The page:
CHAPTER 2 Estimating Probabilities Machine Learning Copyright c 2017. Tom M. Mitchell. All rights reserved. *DRAFT OF September 16, 2017* *PLEASE DO NOT DISTRIBUTE WITHOUT AUTHOR S PERMISSION* This is

### STA 294: Stochastic Processes & Bayesian Nonparametrics

MARKOV CHAINS AND CONVERGENCE CONCEPTS Markov chains are among the simplest stochastic processes, just one step beyond iid sequences of random variables. Traditionally they ve been used in modelling a

### MCMC notes by Mark Holder

MCMC notes by Mark Holder Bayesian inference Ultimately, we want to make probability statements about true values of parameters, given our data. For example P(α 0 < α 1 X). According to Bayes theorem:

### Statistics for the LHC Lecture 1: Introduction

Statistics for the LHC Lecture 1: Introduction Academic Training Lectures CERN, 14 17 June, 2010 indico.cern.ch/conferencedisplay.py?confid=77830 Glen Cowan Physics Department Royal Holloway, University

### Notes 3: Statistical Inference: Sampling, Sampling Distributions Confidence Intervals, and Hypothesis Testing

Notes 3: Statistical Inference: Sampling, Sampling Distributions Confidence Intervals, and Hypothesis Testing 1. Purpose of statistical inference Statistical inference provides a means of generalizing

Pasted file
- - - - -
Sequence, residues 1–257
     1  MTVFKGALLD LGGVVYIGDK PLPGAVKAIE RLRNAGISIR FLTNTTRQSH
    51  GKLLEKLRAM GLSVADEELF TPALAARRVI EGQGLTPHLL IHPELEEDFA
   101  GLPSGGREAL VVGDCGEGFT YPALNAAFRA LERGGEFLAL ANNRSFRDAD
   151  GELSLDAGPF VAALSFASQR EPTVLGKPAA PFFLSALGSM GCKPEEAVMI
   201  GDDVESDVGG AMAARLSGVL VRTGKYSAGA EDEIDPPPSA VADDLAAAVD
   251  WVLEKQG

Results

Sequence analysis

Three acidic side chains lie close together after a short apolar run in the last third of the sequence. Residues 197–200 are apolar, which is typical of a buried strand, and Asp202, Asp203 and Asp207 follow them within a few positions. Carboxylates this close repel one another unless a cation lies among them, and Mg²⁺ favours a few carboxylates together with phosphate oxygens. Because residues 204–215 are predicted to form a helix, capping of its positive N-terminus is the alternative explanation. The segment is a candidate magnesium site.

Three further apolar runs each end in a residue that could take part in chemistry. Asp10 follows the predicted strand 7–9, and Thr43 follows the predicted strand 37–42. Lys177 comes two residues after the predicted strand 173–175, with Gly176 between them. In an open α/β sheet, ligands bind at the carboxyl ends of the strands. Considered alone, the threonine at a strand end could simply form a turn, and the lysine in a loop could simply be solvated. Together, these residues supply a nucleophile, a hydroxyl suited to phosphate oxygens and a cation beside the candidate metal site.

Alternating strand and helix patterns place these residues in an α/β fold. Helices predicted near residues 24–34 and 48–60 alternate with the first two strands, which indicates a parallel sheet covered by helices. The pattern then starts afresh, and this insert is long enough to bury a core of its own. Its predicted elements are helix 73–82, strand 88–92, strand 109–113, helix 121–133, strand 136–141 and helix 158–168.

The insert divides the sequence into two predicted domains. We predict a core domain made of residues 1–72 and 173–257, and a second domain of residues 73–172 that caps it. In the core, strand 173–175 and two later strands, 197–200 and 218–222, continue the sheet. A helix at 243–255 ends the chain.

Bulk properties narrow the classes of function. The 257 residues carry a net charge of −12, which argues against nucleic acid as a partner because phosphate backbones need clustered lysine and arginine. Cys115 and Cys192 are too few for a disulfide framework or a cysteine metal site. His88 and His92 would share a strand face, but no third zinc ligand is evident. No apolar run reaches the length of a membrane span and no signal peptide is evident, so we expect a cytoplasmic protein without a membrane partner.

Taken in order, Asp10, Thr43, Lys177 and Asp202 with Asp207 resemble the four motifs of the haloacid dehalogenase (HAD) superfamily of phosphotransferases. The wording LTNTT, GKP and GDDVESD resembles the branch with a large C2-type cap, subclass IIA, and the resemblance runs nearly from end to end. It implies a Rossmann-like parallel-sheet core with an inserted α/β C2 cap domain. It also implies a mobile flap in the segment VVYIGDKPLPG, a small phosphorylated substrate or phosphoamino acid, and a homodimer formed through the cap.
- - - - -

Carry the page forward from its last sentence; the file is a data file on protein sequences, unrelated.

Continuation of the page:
### Fundamental Issues in Bayesian Functional Data Analysis. Dennis D. Cox Rice University

Fundamental Issues in Bayesian Functional Data Analysis Dennis D. Cox Rice University 1 Introduction Question: What are functional data? Answer: Data that are functions of a continuous variable.... say

Stat 200 The Bayesian Paradigm Friday March 2nd The Bayesian Paradigm can be seen in some ways as an extra step in the modelling world just as parametric modelling is. We have seen how we could use probabilistic

### Partial factor modeling: predictor-dependent shrinkage for linear regression

modeling: predictor-dependent shrinkage for linear Richard Hahn, Carlos Carvalho and Sayan Mukherjee JASA 2013 Review by Esther Salazar Duke University December, 2013 Factor framework The factor framework

### Metropolis-Hastings Algorithm

Strength of the Gibbs sampler Metropolis-Hastings Algorithm Easy algorithm to think about. Exploits the factorization properties of the joint probability distribution. No difficult choices to be made to

### THE ROLE OF COMPUTER BASED TECHNOLOGY IN DEVELOPING UNDERSTANDING OF THE CONCEPT OF SAMPLING DISTRIBUTION